With Concern, Patience, Duke Campus Responds to Arrests

After news of the arrests of two members of the Duke men’s lacrosse team spread through the media and across campus Tuesday morning, students reacted with a mixed sense of apprehension and anxiety.

Many students who were willing to comment said the arrests are a step in the entire judicial process, but they noted that the public still must wait for a concrete resolution.

“Things are moving forward, and it’s narrowed a bit, so it’s not the entire team under suspicion,” sophomore Reid Cater said. “I guess it’s progress in the case.”

But students also questioned the legal basis for the arrests, saying previous reports did not indicate there was sufficient evidence. “I was surprised when I heard it just because I hadn’t heard she had identified anyone,” junior Lindsey Tighe said.

Some of the information the woman provided seems to conflict with the legal proceedings, some students noted.

“It’s interesting that only two [players] were arrested when she identified three,” sophomore Jenn Tanaka said. “But the only thing we can do is wait and see-none of us have all the information.”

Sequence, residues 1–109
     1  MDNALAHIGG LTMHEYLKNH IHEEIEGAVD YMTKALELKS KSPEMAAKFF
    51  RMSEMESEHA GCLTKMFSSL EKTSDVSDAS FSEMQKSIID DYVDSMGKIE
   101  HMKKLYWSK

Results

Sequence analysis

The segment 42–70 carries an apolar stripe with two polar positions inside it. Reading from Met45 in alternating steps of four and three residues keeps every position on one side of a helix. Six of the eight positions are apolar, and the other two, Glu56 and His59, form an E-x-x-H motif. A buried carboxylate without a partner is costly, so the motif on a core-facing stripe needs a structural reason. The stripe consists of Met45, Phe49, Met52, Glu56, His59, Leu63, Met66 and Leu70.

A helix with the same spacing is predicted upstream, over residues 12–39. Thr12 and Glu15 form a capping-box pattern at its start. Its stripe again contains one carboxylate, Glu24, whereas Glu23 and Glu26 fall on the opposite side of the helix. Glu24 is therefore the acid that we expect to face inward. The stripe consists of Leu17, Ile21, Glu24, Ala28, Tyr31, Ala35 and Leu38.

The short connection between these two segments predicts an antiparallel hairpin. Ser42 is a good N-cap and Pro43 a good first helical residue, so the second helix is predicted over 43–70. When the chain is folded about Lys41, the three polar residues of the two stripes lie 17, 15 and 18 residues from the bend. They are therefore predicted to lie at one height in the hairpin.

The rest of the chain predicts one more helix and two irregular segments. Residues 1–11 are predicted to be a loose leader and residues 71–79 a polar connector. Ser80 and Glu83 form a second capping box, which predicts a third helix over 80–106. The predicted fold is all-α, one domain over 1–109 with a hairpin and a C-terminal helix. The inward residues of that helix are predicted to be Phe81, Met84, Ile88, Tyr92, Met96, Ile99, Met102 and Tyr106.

District Attorney Mike Nifong said Tuesday he is anticipating a third indictment in the case.

Students also said news outlets-which have given the rape scandal widespread attention-may be skewing the actual truth of the matter.

“The fact that it was a [sealed] indictment seems a bit odd, especially considering the publicity of the case up to this point,” said Curt Butera, a third-year graduate student in classical studies.

Some students said they were not surprised by the arrests because media attention has been increasingly focused on an expected resolution in recent days.

“I can’t say I’m surprised, from the active seeking to get this whole thing moving,” sophomore Jesse Starkey said.

In addition to criticizing the media, some students also decried the legal handling of the case.

“The accused and the victim are both being subjugated to this war between the lawyers and Mike Nifong,” senior Alex Wilson said. “Getting to the bottom of what really happened is getting lost. It’s like a slander war, almost.”

Many students refused to comment on the situation.

A group of female students, who declined to comment, wore shirts with the word “innocent” painted on them. Many students have also been purchasing and wearing Duke lacrosse apparel to show support for the team.

Most students who were questioned for comment did not consider the arrests synonymous with the players’ guilt.

In general, many expressed the importance of waiting for legal proceedings before passing judgment.

“We just need to await trial and hope people don’t jump to too many conclusions too quickly,” Butera said.